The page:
Adam Morgan once again saw his race weekend marred by bad luck, as reliability issues cost the British Touring Car Championship (BTCC) star at Snetterton.
Adam headed into the race weekend at the Norfolk circuit in good spirits, having enjoyed a successful month away from the BTCC as the series enjoyed its annual summer lull.
Having won in China and at the Silverstone Classic, racing a retro Mini, his form and confidence were on a high.
This was evident from the way the Pall-Ex supported racer guided his Cicely Motorsport Mercedes Benz A-Class around the 2.96-mile track during qualifying on Saturday.
He ended the session with a time good enough for ninth position, his best qualifying result of the season.
Following the session, Adam commented: “We tried a set-up that was mid-way between what we ran in 2018 and what we had at the start of this year and it seemed to be a step forward so I’m confident that we can carry that race pace into tomorrow.”
Sunday morning came, and the whole team was excited to see what Adam and the car could achieve.
From ninth on the grid, Adam made a solid start on the soft tyre, and settled into running, sitting comfortably in the top 10.
However, as has been the story for the whole season, misfortune lay ahead for Adam’s Mercedes A-Class.
Changing down into second gear at turn two, the gearbox let out an unhealthy noise that spelt disaster for the Lancastrian’s race.
After returning to the paddock, Adam reflected on what could have been: “I placed the car down into second gear at turn two, I heard a bang and then a rattle and then my race was over. It has done every gear so we need a new gearbox for race two but that puts us at the back of the grid.
I’m really disappointed because the pace we had was looking good and we were running in the leading pack without concerns for pace.”
Second gear, just half-way through its projected lifespan, managed to destroy the other gears as it shattered, meaning a new gearbox was needed.
This considerable change meant that the whole Ciceley Motorsport team had to work non-stop for the two hours, to ensure the car was ready for Race Two.
After a great effort by the team, Adam was able to line up in 28th position on the grid for Race Two, opting for the more durable medium compound Dunlop tyres, meaning he would have longer-lasting grip for the race ahead.
From his starting position, Adam displayed the determination, race-craft and car control that has earned him his position as one of the top drivers in the BTCC, and he scythed through the field into 18th position.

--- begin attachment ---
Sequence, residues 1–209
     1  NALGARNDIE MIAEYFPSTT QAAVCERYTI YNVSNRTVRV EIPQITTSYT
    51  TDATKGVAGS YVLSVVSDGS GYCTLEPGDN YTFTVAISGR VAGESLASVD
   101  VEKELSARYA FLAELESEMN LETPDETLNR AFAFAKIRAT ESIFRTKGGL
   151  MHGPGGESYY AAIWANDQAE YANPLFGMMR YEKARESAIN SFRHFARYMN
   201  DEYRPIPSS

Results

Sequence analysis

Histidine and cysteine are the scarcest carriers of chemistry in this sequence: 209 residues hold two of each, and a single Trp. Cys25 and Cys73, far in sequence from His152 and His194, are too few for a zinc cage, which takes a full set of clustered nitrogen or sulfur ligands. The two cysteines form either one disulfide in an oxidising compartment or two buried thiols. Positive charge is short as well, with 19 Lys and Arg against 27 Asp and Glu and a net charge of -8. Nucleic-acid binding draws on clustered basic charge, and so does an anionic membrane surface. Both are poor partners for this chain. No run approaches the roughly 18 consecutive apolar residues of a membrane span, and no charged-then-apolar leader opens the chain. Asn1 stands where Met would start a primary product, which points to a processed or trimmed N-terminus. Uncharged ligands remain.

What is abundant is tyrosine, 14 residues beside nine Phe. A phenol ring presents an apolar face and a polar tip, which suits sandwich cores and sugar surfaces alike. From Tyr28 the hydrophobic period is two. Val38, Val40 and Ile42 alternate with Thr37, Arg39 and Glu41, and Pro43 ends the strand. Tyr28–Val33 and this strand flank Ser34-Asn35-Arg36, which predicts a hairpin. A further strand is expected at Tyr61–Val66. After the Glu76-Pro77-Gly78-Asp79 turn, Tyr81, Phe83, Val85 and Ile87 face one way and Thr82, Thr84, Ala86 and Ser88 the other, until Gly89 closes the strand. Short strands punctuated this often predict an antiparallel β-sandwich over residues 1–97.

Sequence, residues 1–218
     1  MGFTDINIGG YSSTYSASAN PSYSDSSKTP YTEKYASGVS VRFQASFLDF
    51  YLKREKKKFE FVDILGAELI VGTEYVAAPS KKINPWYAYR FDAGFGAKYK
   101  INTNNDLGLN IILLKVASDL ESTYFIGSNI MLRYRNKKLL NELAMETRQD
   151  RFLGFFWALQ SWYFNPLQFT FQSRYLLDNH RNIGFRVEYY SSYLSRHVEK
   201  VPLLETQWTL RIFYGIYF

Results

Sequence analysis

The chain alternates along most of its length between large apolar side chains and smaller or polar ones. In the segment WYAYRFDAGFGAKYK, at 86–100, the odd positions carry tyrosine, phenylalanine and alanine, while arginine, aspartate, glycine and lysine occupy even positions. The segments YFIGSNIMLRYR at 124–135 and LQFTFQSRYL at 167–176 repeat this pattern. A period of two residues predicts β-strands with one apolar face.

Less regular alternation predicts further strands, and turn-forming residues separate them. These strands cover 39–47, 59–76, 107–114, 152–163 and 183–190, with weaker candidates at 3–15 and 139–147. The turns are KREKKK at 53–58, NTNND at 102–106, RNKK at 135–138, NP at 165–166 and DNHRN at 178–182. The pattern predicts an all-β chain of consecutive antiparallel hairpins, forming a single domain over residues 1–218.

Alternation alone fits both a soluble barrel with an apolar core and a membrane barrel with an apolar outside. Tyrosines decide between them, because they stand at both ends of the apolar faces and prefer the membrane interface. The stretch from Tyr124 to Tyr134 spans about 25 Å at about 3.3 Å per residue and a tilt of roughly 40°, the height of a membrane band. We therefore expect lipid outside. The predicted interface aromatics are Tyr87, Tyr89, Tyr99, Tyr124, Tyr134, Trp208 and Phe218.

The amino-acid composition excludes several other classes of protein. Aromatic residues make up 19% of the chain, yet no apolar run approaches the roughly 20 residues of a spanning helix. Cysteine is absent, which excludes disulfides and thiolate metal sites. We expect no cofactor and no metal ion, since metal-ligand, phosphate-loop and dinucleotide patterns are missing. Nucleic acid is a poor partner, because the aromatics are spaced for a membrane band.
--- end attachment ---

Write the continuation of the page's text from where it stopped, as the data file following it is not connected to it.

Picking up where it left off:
The only delay to Adam’s progress came when he tangled with Stephen Jelley’s BMW, which resulted in front end damage that broke the radiator and cooling system and bent the steering mechanism.
Despite this, he battled with the bruised car and brought it home in 18th place.
After the race, Adam commented: “I made a good start but then there was a bit of contact on the way to the first corner when four of us went side-by-side and that was a bit tight! I caught up to a battle with Stephen Jelley, Josh Cook and Senna Proctor all involved and it was hard to get through that quickly and then there was more contact which turned around Stephen.
I had to try to avoid him and picked up some damage, which bent the steering, but also it damaged the radiator and the cooling system so that meant that I needed to finish rather than look at any heroics after that.
It was frustrating because the car went really well early on but it’s a legacy of being at the back: you are in jeopardy with all the traffic around you."
Once again, running repairs were needed to ensure the car was fit for Race Three, as the team had to fit a replacement radiator and cooling pack to the Mac Tools sponsored A-Class.
Lining up in 18th position for the final race of the day, and hoping to salvage something from the weekend, Adam was ready to fight through the pack.
Unfortunately, disaster lay ahead once again!
The replacement radiator pack struggled to keep temperatures down, and the car was running too hot.
The temperature rise caused the power steering to trip and Adam was left to wrestle the car around the track unaided.
Despite Adam’s best efforts and him straining every sinew to keep the car on the road, the loss of power steering made it almost impossible to drive, and for safety, Adam had to pull over and retire from the race.
Visibly gutted by what had been another weekend tarnished by bad luck, Adam explained how he was feeling: “It’s just not been our weekend – again. That final race was affected by the damage in race two, really. The spare radiator pack wasn’t cooling as well as it needed and then it tripped the power steering and I just couldn’t risk not being able to turn the car, especially in the high-speed corners.
The positives are that we worked hard on set-up, learnt a few things and made steps forward, so I can take that to Thruxton in two weeks’ time, especially as we have raced there already this season and have data to measure against.
There are reasons to be buoyed by Snetterton but it is so frustrating for all of us in the team to come away with damage and little tangible to show for it. We'll fight on, though!”
Adam has now slipped to 15th in the overall Championship and sits in 10th place in the Independents Championship.
In what has been their most difficult season to date, the whole team are hoping that the final four rounds hold better fortunes.
The next round of the BTCC takes place at Thruxton in Hampshire, on the weekend of the 17-18th August.
As always you can watch all of the races live on ITV4 Sunday 18th August, with the programme start time yet to be announced. You can keep up to date with this here.
In the meantime, you can keep up to date with all the news from the BTCC here.